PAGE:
Thursday, March 24, 2011

The Artist's Sketchbook

                                                    "Jenny"  2011  Graphite
      The Artists Sketchbook
      I realized a couple of days ago that before I was able to get out and start plein air painting again this year, that I tended to use my sketchbook to get some of my art fix that helped get me through this past winter.  So, I thought that talking about the artist’s sketchbook might be fun to do.  As a teacher I require it of my students as a part of their grade.  My hope with each student is that they will learn to develop the life long discipline of drawing.  It has been my experience that you can learn a great deal in a class, but if you don’t practice--daily if possible--you will lose much of the skill and knowledge base that you have developed.

      This drawing of my daughter Jenny, is just one of those drawings that I try to do once in a while, that helps sharpen and maintain my skills.  She is also the only one out of my children so far who I've been able to get to sit for a portrait from life.  All the rest say, take a picture.  Arrg!!  They're missing the point.  I'm trying to not work from the easily delineated frozen image of a photograph, but rather from life.  It is much more challenging, but much more rewarding and satisfying.

                                          "At the Concert"  2011  Graphite 
      Not only does an artist’s sketchbook serve as a great personal classroom, it can also be great therapy.  Sometimes it is a good way for me to get through an occasion where I have to do a lot of sitting and waiting.  This drawing of Ms. Greenfield and one of her students in my kids recent concert, got me through the waiting period for it to start.  It also kept me quiet so that my wife Marilynn could enjoy the music.  I grew up with a "quiet book" that my mother put together for me to play with in church.  I guess my sketchbook has become my adult quiet book.

                                                 "Sycamore"  2010  Graphite
      It also serves as a problem-solving tool, where I don’t have to worry so much about the finished product, but just solve drawing or compositional problems before doing the finished work of art itself.  This drawing of one of my favorite trees will one day serve as a great resource when doing the finished oil painting.

                                "Stephanie's Hanging Garden"  2010  Graphite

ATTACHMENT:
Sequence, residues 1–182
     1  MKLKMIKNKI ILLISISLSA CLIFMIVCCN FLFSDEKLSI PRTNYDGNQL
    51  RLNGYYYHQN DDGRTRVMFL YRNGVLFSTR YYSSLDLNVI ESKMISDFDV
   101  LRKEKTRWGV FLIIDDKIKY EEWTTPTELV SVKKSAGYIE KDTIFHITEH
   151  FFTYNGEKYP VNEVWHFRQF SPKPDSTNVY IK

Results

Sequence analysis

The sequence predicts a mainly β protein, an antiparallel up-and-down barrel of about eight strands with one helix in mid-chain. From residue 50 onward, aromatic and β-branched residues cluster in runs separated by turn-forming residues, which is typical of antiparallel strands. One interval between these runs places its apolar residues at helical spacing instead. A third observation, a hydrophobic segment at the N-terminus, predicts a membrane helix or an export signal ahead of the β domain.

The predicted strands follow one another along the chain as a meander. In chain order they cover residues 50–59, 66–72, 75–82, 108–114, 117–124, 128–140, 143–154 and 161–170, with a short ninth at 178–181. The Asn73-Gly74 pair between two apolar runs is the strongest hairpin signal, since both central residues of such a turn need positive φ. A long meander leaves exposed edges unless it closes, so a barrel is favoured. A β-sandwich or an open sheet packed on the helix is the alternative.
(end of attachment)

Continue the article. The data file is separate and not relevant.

At other times the sketchbook can be just the right size and graphite can be just the right medium for the moment, where you can capture your subject best.  Again, while at my sister in laws house for a summer party, I was able to preoccupy myself with this little scene in her back yard.  Here I was able to use my sketchbook to record a fond memory.

                                  "A View South From Camp"  2008  Graphite
      This scene was across the creek from my campsite in Spring City Canyon back in 2008 as I was on a plein air painting trip.  It was evening, and the light was going fast.  So, instead of hurrying to setup my field easel, I just whipped out my sketchbook and jotted down this image before the day ended.  

      For me the sketchbook is an essential artist’s tool.  However, one does not have to be an “official” artist to keep a sketchbook.  Formal training is not even a factor.  Anyone who has half a notion can get and keep a sketchbook for themselves, and they don’t even have to show it to others if they don’t want to.  Just because I’m a bit of a show off doesn’t mean you have to be.  If one finds themselves inclined to doodle or draw on whatever scrap of paper happens to be in their hand, a sketchbook can become a great organizer and repository of those things.  In many ways for me, it not so different from a journal or a diary.  The great cowboy artist from Montana, Charles M. Russell wrote in a letter to a very young Maynard Dixon these words, “draw, draw, draw”.  I in turn have come to say to my students, “draw baby draw!!!”  It's just so rewarding.  Until next time...

                                    "Sheep in the Meadow"  2009  Graphite

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